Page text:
rationalizing the denominators

Why do I have to rationalize the denominators?

In AMC( American mathematics contest ) contests I see that they never leave an answers as 2/root3 it will always be 2root3/3, but in SAT math tests they have answers such as 2/root3. What is the rule and meaning for rationalizing the denominators?(Wondering)

Thanks.

Vicky.

Times both sides by the denominator

$\displaystyle \frac {2}{\sqrt3}$

If I times that fraction by

$\displaystyle \frac{\sqrt3}{\sqrt3}$, I am actually just multiplying by one. But look at what happens:

$\displaystyle \frac {2}{\sqrt3}\times\frac{\sqrt3}{\sqrt3}$

$\displaystyle =\frac{2\times\sqrt3}{\sqrt3\times\sqrt3}$

$\displaystyle =\frac{2\sqrt3}{3}$

So the rule is:

For any fraction $\displaystyle \frac{a}{\sqrt{b}}$ multiply by $\displaystyle \frac{\sqrt{b}}{\sqrt{b}}$ to give $\displaystyle \frac{a\sqrt{b}}{b}$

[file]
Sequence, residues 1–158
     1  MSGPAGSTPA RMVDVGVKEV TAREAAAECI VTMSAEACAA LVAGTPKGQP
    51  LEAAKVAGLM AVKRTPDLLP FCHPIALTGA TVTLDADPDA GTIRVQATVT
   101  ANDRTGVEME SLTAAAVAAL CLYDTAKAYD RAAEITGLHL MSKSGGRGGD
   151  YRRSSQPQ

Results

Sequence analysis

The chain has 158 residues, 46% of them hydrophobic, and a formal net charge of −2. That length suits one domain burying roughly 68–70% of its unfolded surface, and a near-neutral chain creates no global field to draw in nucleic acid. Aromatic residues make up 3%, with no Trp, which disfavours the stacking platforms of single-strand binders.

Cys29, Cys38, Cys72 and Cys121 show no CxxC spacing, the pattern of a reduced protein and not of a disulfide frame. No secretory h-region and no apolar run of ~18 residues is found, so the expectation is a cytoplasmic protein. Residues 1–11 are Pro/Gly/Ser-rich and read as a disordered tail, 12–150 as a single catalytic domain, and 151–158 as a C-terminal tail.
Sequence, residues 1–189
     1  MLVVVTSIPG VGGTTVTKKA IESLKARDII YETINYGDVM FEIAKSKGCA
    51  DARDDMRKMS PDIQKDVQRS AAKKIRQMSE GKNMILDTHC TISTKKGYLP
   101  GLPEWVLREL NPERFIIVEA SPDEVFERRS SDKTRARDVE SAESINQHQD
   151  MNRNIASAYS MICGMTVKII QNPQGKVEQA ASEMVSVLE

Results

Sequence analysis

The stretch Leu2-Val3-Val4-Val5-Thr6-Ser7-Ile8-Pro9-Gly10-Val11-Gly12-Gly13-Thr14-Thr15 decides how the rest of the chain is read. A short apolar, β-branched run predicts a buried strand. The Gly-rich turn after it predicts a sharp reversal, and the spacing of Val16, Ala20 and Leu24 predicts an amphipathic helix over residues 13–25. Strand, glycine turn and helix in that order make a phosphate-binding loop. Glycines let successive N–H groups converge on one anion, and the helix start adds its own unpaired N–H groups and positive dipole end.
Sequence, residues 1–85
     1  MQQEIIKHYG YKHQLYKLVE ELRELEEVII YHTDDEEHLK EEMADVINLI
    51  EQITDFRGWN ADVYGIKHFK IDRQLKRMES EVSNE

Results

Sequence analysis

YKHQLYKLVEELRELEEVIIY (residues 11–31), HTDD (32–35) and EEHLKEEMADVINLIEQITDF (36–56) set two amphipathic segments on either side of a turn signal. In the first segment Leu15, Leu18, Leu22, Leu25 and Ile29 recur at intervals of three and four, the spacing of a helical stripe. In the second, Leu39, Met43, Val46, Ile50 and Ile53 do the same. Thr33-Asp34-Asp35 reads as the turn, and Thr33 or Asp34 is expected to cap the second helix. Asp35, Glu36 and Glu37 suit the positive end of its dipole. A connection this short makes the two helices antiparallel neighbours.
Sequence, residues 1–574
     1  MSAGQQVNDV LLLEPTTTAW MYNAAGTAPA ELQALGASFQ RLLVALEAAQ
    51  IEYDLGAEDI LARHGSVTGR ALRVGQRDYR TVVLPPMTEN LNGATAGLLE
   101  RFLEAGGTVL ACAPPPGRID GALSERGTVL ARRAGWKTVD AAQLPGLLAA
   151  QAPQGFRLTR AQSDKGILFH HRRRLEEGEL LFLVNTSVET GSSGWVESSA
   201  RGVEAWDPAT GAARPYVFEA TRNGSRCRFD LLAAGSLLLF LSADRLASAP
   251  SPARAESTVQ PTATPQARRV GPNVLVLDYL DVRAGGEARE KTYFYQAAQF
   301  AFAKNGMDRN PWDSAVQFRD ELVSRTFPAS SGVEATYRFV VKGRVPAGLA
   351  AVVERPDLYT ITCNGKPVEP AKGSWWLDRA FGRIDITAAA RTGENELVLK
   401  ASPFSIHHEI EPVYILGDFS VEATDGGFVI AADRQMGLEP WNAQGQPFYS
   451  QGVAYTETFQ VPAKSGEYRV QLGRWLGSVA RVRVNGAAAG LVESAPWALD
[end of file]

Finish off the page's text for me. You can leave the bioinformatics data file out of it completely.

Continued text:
**For the purpose of your question, this is how you rationalize the denominator.**, but for a harder example, you may read on.

However, it gets harder if you have something such as:

$\displaystyle \frac{3}{\sqrt3+4}$

In this scenario, you have to use the 'difference of two squares' to rationalize, by making the denominator a difference of two squares, which is where $\displaystyle (a+b)(a-b)=a^2-b^2$. So apply that to the question, where $\displaystyle a=\sqrt{3}$ and b=4:

$\displaystyle \frac{3}{\sqrt3+4}\times\frac{\sqrt3-4}{\sqrt3-4}$

$\displaystyle =\frac{3(\sqrt{3}-4)}{(\sqrt3+4)(\sqrt3-4)}$

Note the 'difference of two squares' in the denominator? Using the difference of two squares rule above, we can simplify this to:

$\displaystyle =\frac{3(\sqrt{3}-4)}{{\sqrt3}^2-(4^2)}$

$\displaystyle =\frac{3(\sqrt{3}-4)}{3-16}$

$\displaystyle =\frac{3\sqrt3-12}{-13}$